A further object of the invention is the provision of a new and improved handling apparatus wherein rotary movements are created through linear actuation.
Other objects and advantages of the invention will become apparent from the following description taken in conjunction with the accompanying drawing.
FIG. 1 is a perspective view of one embodiment of the mechanical handling apparatus of the present invention;
FIG. 2 is a schematic, fragmentary side elevational view of the mechanical handling apparatus of FIG. 1, illustrating one arm module with the fingers in a closed position;
FIG. 3 is a schematic, fragmentary, side elevational view similar to FIG. 2 with the arm and hand portions being lifted and with the fingers open;
FIG. 4 is a schematic, fragmentary, side elevational view with the arm and hand in a lowered position and also with the fingers open;
FIG. 5 is an enlarged, schematic, side elevational view of an arm module;
FIG. 6 is an enlarged, schematic plan view of a spiral arrangement provided at the wrist and shoulder portions of each arm module for providing rotational movement;
FIG. 7 is an end elevational view of the spiral of FIG. 6, taken along line 7--7 of FIG. 6;
FIG. 8 is an enlarged, perspective view of portions of a support frame for a spiral actuator;
FIG. 9 is an enlarged perspective view of an actuator member;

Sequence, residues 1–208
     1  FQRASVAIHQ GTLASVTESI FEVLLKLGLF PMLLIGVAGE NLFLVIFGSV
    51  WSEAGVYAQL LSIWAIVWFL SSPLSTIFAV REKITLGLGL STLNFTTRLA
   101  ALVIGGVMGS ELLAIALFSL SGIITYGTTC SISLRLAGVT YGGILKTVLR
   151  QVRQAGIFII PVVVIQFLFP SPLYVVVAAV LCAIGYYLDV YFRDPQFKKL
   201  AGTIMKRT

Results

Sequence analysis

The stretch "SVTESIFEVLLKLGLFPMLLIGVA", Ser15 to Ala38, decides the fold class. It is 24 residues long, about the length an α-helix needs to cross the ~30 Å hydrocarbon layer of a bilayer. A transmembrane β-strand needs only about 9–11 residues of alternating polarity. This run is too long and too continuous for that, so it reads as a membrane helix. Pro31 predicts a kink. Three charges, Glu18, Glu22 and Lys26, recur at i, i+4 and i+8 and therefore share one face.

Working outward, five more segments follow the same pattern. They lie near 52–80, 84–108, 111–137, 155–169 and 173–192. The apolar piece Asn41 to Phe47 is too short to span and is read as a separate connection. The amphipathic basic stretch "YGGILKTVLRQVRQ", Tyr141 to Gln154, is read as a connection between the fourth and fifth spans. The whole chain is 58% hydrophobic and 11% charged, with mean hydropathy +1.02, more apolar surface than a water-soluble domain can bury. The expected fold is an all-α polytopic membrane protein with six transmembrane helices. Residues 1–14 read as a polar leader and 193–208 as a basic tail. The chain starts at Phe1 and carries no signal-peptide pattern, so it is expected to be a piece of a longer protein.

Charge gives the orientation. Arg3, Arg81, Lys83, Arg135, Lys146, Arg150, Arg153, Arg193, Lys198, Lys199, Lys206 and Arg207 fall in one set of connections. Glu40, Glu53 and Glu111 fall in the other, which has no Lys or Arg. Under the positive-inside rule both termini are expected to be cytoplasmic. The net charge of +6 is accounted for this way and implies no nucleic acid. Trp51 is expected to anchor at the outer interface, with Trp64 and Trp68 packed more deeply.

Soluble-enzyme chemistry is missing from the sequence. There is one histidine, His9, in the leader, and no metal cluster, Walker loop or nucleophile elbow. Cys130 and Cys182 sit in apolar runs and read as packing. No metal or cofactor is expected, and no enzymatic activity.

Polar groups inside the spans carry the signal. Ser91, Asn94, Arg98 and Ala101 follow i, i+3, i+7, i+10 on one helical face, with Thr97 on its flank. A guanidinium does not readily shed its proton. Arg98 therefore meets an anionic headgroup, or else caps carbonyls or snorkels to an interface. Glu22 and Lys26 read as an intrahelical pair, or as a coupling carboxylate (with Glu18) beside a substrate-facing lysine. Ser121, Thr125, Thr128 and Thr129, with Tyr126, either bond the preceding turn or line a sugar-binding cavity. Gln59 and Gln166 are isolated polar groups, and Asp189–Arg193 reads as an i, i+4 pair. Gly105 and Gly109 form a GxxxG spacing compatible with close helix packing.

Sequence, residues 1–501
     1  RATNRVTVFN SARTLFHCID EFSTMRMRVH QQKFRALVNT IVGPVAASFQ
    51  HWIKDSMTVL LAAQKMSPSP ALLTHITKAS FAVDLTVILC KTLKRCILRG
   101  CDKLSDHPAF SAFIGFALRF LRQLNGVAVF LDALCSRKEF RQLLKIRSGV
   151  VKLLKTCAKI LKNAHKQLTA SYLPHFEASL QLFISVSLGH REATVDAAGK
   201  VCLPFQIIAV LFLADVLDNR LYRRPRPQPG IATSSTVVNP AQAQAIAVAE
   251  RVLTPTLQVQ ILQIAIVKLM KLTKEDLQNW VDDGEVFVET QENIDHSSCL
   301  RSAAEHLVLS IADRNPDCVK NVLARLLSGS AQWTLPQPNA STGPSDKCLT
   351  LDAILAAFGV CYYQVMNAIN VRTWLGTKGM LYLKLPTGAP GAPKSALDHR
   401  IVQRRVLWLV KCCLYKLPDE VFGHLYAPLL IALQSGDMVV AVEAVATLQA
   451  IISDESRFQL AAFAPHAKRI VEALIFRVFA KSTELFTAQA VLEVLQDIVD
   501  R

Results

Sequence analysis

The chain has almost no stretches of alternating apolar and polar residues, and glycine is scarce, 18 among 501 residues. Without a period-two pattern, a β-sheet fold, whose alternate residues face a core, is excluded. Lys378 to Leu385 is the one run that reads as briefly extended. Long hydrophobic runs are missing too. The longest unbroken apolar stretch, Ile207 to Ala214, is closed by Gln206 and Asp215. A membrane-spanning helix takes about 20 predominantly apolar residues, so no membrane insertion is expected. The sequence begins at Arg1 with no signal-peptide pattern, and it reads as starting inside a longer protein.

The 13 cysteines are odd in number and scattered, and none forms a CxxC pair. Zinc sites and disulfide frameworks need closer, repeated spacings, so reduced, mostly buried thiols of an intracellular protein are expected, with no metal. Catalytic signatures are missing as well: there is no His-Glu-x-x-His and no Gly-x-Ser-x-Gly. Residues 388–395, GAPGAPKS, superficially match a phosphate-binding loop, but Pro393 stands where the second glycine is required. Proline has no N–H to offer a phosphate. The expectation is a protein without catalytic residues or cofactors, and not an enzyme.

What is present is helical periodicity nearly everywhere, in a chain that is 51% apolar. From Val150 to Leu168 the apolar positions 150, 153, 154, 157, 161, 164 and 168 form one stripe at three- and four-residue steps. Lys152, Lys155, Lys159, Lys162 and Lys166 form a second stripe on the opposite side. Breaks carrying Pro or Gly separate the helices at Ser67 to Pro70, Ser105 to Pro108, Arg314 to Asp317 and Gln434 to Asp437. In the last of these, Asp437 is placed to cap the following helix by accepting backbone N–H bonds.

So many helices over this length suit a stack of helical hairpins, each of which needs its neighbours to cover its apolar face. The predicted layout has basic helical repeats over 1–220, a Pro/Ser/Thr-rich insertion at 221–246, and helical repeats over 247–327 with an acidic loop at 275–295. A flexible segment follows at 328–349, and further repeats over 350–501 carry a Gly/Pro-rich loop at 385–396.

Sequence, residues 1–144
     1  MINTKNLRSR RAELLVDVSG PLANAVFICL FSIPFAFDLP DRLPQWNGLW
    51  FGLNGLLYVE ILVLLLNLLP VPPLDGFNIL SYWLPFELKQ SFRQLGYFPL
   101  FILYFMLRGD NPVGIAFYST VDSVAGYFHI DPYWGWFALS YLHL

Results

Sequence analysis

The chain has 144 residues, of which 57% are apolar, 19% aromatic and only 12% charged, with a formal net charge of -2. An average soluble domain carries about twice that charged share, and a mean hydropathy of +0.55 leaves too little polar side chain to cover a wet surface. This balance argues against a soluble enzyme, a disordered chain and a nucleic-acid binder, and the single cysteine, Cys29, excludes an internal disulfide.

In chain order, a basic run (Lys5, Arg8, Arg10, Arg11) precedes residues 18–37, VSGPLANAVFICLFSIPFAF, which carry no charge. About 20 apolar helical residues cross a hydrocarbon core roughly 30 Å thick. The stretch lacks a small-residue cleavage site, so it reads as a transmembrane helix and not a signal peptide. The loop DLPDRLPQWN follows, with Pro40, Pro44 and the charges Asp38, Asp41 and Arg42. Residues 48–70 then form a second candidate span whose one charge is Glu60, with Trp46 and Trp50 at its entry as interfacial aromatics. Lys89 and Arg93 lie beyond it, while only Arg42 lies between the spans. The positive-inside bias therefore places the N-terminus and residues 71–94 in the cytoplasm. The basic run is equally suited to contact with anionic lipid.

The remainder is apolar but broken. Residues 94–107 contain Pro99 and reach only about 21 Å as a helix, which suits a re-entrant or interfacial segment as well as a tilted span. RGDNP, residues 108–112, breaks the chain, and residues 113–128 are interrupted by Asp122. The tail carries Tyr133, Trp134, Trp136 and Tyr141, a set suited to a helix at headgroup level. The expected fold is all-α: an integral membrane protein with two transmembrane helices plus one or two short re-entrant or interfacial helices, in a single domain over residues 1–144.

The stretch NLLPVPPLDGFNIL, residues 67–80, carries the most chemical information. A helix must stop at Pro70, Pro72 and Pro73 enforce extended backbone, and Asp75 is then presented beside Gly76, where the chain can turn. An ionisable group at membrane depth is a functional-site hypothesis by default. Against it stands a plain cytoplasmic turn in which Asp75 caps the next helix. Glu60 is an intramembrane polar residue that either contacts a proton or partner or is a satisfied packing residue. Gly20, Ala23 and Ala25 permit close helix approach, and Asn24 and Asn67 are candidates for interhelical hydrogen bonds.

FIG. 10 is a fragmentary perspective view of an arm module;
FIG. 11 is a perspective view of a motor mount and motor attached thereto;
FIG. 12 is an enlarged perspective view of a hand assembly;
FIG. 13 is a schematic diagram illustrating the intersecting arcs of the hands of left and right oriented arm modules;
FIG. 14 is a top plan view of the base module 10, with the top or cover removed, and illustrating the driving system;
FIG. 15 is a fragmentary, perspective view of the apparatus illustrating a modified embodiment of a spiral drive for rotating an arm module; and
FIG. 16 is an exploded perspective view of the spiral drive of FIG. 15.
Referring to the drawing, and initially to FIG. 1, the mechanical handling apparatus includes a base module 10, a torso module 12 which is mounted upon the base module 10 in a conventional manner, and a pair of arm modules 16, 16 supported upon the torso.
While the embodiment illustrated in FIG. 1 will be described in detail, it is to be understood that the modular concept of the invention provides for many different configurations and combinations.
The base or lower module 10 is of box-like construction which may house a power source for various components if desired, as well as a conventional drive system for the wheels 18, 18. The conventional drive arrangement may include an electric motor, gearbox, drive shaft, etc., not shown, or other suitable systems. The rear portion of the base module 10 is supported by a caster 20.